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You can do anything if you have enthusiasm.

Enthusiasm is the yeast that makes your hopes


rise to the stars. Enthusiasm is the sparkle in your eye.
It is the swing of your gait, the grip of your hand,
the irresistible surge of your will and your energy to
execute your ideas. Enthusiasts are fighters. They
have fortitude.
They have staying qualities.
Enthusiasm is at the bottom of all progress.
With it, there is accomplishment. Without it,
there are only alibis.

Henry Ford
by  
Copyright ©  Howard Mann
Contents
All rights reserved. No part of this publication may be
reproduced, distributed, or transmitted in any form 9 About this book Accelerate through 41
or by any means, including photocopying, recording, the finish line.
or other electronic or mechanical methods, without 12 The Business Brickyard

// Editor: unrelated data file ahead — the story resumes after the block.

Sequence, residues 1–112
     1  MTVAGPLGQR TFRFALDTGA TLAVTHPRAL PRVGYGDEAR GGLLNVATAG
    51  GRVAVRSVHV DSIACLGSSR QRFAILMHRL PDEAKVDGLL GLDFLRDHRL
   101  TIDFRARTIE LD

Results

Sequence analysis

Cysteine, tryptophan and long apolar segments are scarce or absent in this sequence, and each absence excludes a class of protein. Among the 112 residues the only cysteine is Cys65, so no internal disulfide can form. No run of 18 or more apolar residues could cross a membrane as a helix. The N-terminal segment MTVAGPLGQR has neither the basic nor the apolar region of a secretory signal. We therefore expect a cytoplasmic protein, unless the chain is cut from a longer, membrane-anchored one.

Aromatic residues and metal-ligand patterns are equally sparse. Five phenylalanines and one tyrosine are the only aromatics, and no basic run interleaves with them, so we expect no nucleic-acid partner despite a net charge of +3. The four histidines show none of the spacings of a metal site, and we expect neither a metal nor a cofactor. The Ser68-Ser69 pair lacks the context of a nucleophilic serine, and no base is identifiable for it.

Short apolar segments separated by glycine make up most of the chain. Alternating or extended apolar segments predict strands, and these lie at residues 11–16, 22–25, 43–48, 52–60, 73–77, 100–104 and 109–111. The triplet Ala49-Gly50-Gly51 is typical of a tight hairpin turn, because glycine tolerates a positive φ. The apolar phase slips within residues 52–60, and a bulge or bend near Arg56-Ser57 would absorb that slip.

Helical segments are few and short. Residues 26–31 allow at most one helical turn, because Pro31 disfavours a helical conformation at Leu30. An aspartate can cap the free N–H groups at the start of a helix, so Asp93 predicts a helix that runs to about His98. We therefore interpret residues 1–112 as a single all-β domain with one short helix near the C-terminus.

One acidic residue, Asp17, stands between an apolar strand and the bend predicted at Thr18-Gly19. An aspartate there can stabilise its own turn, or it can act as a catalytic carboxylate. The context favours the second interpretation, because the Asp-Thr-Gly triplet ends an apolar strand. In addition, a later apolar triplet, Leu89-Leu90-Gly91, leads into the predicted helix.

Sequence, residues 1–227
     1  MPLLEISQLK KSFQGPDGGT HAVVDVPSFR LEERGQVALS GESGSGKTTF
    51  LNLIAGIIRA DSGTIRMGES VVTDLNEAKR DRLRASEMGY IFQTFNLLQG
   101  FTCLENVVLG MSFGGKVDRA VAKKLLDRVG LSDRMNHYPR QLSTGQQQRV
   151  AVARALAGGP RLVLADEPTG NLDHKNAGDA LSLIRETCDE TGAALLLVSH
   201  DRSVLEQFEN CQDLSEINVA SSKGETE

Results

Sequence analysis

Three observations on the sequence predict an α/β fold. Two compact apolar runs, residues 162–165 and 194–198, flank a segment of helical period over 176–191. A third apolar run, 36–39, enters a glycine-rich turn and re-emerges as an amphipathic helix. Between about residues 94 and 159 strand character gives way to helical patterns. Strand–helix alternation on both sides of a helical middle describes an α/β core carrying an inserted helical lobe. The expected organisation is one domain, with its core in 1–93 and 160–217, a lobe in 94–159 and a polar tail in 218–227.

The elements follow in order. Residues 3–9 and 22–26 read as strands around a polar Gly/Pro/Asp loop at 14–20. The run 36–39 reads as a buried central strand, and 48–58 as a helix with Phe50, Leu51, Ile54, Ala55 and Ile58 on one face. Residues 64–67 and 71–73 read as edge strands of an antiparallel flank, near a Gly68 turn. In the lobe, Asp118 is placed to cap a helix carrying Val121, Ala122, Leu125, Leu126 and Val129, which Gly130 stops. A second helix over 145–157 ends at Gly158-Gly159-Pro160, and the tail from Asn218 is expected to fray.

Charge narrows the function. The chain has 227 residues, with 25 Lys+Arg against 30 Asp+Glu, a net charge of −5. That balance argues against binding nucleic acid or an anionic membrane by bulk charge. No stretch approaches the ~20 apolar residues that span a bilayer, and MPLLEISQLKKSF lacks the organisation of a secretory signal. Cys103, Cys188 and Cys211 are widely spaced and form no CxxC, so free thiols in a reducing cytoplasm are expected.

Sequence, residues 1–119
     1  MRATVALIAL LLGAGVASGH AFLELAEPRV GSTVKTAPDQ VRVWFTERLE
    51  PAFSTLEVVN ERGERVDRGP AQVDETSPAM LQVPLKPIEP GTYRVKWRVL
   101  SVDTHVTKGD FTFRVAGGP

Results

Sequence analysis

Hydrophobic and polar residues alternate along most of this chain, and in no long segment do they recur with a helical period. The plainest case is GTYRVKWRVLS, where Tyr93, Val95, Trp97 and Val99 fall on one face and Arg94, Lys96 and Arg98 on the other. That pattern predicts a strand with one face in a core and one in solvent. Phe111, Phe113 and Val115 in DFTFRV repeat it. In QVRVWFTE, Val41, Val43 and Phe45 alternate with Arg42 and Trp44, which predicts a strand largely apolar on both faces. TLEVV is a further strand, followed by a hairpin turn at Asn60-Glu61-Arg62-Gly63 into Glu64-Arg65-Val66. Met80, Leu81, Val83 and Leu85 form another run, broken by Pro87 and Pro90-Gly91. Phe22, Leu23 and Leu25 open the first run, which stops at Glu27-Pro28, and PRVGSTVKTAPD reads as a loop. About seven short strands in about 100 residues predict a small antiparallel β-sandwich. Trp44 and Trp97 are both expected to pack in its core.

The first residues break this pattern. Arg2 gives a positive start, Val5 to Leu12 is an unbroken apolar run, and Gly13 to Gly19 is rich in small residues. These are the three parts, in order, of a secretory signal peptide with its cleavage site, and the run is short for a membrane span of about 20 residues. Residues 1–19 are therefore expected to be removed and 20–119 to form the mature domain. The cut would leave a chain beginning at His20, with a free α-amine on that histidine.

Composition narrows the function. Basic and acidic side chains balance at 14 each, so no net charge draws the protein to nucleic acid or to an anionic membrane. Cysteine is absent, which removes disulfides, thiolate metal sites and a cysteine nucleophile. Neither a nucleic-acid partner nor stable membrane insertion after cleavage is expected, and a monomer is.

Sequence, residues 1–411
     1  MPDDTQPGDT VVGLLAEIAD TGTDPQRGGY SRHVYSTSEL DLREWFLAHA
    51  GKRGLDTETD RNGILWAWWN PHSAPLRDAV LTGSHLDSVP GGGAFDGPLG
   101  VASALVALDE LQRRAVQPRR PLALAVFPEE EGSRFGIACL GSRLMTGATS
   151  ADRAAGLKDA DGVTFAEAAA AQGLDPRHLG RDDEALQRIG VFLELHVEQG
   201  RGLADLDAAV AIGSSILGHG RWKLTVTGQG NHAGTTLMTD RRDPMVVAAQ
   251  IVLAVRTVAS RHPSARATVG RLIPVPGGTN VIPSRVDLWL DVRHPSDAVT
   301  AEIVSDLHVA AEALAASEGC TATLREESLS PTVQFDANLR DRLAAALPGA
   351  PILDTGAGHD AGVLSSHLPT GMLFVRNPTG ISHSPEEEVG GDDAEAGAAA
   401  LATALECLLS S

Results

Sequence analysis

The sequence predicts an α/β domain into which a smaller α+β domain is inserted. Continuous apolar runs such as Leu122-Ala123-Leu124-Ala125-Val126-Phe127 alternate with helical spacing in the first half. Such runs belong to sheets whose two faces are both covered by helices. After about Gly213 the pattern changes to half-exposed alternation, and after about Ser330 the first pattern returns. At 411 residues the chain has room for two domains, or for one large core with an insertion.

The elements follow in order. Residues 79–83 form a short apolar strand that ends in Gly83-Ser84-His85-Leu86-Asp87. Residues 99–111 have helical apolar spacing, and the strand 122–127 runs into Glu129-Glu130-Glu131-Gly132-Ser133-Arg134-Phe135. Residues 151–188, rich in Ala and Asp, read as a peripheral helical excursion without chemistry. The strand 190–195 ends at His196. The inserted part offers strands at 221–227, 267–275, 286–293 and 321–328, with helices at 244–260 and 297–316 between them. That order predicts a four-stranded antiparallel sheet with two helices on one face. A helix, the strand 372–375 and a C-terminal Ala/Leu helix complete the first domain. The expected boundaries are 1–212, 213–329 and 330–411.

the prior written permission of the author, except in Fit your business on 44
the case of brief quotations embodied in critical re- 16 Reconnect with your a single page.
views and certain other noncommercial uses permit- purpose.
ted by copyright law. For permission requests, submit Escape desk gravity. 47
the contact form online at www.businessbrickyard 21 All truth is in the
.com or via mail at the address below. cash account. Define your business 51
with “no.”
The Business Brickyard 23 Find your true story.
P.O. Box Goaljumping. 54
Chappaqua, NY  26 Lose your nemesis.
Pre-game pep talk 60
Book design by Rob Weychert 30 Singles and doubles.
www.robweychert.com Bricks in brief 62
33 Relationships, not
Illustrations by Kevin Cornell sales. About the author 64
www.bearskinrug.co.uk
38 Pay fast. Get paid
Printed by Metropolitan Fine Printers, even faster.
Vancouver, BC


About this book
Business is supposed to be fun to run. It felt that